Validity and Ethics in Science

Science  30 May 2003:
Vol. 300, Issue 5624, pp. 1341
DOI: 10.1126/science.300.5624.1341

Two recent events have forced scientists and others to confront the issue of ethical behavior in scientific work, leading some to question the validity of the body of accumulated scientific knowledge. But fraud and validity are separable matters, and it is important that the public understand the differences between them. Yes, the scientific enterprise may occasionally fall short in dealing with unethical behavior, but that has not threatened the reliability of our accumulated scientific knowledge.

The knowledge structure produced by science has a quality unique among the creations of the human species. Its uniqueness lies in its capacity to provide reliable quantitative predictions of phenomena within its own domain; no other aspect of human experience has that kind of capability. This predictive power is a consequence of the way scientific studies evolve—and science's validation processes, themselves unique, guarantee that power.

Science advances by trial and error, guided by past observations and their interpretations. Establishing the validity of each new result is essential. Some new findings, such as the measurement of a quantity predicted by a well-established theory, call for only modest efforts to establish validity. At the opposite extreme are results that challenge established concepts. Some apparently idiosyncratic ideas cannot be tested rigorously at the time when they are proposed. For example, continental drift, eventually called plate tectonics, could not be validated until many years after it was proposed. But the celebrated cases of “cold fusion” and “polywater” immediately produced major efforts at validation, because both would have been important were they correct. That stimulated many researchers to examine each and, in months, to discredit them.

In these examples, the researchers doubtless believed that their results were valid. In some recent cases, it has become clear that the scientists knew they weren't. These new cases of fraudulent research, though hardly the first, raise the question of whether the validation process that corrects honest error works as well for deliberate fraud.

When any new result is presented to a scientific community, the tacit presumption is that the presenter is honest. But whether that presumption holds or not, the result will be subject to the standard validation processes that make science work. And these processes have kept the body of scientific knowledge remarkably self-consistent. Thus, it is especially important to separate two questions: how and whether science succeeds at self-validation, and how to recognize and deal with misconduct.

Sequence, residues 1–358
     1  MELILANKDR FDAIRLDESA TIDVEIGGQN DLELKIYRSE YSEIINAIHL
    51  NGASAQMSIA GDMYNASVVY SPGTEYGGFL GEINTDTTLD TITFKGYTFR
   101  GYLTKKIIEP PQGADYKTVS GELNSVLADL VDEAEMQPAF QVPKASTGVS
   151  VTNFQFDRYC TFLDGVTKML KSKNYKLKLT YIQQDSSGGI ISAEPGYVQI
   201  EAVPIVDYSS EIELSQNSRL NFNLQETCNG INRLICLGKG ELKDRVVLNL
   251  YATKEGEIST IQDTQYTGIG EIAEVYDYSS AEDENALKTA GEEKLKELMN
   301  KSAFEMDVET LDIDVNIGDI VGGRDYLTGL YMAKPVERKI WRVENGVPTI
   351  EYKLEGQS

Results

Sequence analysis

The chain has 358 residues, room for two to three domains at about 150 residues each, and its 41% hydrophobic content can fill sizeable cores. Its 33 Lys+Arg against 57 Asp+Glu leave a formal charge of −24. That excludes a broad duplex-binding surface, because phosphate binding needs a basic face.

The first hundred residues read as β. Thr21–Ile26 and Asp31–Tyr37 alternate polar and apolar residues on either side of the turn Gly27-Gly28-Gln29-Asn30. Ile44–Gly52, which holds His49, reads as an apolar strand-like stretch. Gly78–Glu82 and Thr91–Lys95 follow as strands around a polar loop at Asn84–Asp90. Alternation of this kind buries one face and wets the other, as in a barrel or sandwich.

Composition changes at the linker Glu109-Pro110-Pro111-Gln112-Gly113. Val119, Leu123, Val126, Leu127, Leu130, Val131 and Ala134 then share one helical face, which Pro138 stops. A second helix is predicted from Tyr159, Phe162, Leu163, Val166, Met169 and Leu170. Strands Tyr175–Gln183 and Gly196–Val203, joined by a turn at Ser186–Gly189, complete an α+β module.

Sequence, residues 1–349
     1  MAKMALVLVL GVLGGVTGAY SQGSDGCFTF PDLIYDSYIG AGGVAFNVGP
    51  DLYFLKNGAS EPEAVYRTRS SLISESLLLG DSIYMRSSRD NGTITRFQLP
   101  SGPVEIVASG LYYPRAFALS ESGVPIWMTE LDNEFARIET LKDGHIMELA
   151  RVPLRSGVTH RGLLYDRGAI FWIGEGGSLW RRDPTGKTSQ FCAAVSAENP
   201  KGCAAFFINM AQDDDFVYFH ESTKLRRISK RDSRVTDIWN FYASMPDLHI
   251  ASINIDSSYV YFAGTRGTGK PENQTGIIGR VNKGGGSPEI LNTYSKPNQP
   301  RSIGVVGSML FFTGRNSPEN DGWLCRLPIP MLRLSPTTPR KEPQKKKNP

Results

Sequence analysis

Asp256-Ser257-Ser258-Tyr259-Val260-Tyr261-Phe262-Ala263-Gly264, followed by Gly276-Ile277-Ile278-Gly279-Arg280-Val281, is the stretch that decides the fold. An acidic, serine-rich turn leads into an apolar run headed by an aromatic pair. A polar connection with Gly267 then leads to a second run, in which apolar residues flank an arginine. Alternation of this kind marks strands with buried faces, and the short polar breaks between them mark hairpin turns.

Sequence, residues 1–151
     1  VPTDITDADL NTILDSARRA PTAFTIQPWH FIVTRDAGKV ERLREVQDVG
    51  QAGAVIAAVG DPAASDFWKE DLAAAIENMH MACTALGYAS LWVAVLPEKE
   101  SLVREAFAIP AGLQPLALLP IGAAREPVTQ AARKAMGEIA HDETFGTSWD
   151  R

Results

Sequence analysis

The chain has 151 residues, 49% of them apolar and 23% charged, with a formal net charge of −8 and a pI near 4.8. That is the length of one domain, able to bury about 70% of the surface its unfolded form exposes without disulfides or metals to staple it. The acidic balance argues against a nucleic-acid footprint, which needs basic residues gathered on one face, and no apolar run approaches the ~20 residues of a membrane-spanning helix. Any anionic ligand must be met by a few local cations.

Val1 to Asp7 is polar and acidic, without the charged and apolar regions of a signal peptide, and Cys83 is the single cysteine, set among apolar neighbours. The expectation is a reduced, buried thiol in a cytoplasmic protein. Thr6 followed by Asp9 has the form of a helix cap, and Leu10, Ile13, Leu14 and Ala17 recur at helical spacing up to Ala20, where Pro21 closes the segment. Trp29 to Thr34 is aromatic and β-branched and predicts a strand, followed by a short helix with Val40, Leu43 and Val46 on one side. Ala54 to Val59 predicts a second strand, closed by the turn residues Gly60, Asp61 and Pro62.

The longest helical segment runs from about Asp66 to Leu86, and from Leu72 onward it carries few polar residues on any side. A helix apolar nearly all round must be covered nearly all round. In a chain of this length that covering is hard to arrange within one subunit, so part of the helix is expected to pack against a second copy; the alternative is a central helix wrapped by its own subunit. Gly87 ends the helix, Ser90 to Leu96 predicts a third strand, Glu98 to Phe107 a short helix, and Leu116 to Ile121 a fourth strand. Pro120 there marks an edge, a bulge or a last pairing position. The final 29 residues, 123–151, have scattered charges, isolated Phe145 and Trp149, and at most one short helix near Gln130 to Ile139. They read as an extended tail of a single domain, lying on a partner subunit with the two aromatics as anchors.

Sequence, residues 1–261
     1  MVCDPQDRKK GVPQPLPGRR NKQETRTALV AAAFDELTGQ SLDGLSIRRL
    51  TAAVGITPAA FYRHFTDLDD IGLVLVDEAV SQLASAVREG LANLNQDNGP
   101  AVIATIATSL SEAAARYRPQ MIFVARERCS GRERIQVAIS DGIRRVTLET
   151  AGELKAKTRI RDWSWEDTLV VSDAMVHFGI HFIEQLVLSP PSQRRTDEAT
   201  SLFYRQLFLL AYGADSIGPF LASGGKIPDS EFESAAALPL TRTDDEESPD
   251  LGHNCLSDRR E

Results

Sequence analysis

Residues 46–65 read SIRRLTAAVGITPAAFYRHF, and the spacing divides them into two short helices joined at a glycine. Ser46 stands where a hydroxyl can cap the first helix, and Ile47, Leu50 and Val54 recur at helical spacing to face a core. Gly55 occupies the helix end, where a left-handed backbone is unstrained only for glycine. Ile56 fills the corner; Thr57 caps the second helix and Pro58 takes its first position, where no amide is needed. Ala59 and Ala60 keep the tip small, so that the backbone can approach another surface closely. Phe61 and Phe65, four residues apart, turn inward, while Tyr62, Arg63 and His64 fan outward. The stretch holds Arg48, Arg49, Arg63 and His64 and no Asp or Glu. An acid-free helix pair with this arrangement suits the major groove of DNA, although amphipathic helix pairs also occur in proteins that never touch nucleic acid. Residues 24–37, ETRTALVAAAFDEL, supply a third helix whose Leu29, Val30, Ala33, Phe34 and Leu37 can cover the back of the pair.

The history of element 116—not 118—illustrates this. A surprising report first claimed to demonstrate the transient existence of that element. Subsequently, other investigators showed that short-lived element 116 actually exists. In the meantime, incontrovertible evidence appeared from elsewhere that the initial report had been based on phantom experiments! Here the validation process established a phenomenon independent of the malfeasance of its first claimant. This bizarre case demonstrates the importance of separating how we think about the correctness of scientific information and about the correctness of human behavior.

Procedures that test the validity of scientific information may also expose malfeasance. In the recent case at Bell Laboratories, the identity of noise distributions in two spectra, presented as independent and different, differs from inconsistencies resulting from careless error or poor experimental design. The very nature of noise implies that only by being representations of the same spectrum could two noise distributions be identical. That kind of inconsistency inevitably implies deliberate misrepresentation, but those additional implications concern personal behavior, not the correctness of the science. The fraudulent claim to have found element 116 is just as reprehensible as the fraudulent claim to have found element 118. But the procedures that make scientific results trustworthy are as robust and effective as they have been since science began.

Scientific self-correction is alive and well, and it serves to maintain the validity of the body of scientific knowledge. That process may work slowly, partly because of the procedures required for validation and partly because scientists may feel little urgency to validate a particular result. Nonetheless the validation must eventually occur if the result is to be used in building further science. It is important that, despite the furor over research misconduct, the public understand that the validation process is working as it should. Cultivating, even demanding, ethical behavior in the scientific enterprise is important for other reasons, quite distinct from our need to have confidence in the enterprise itself.

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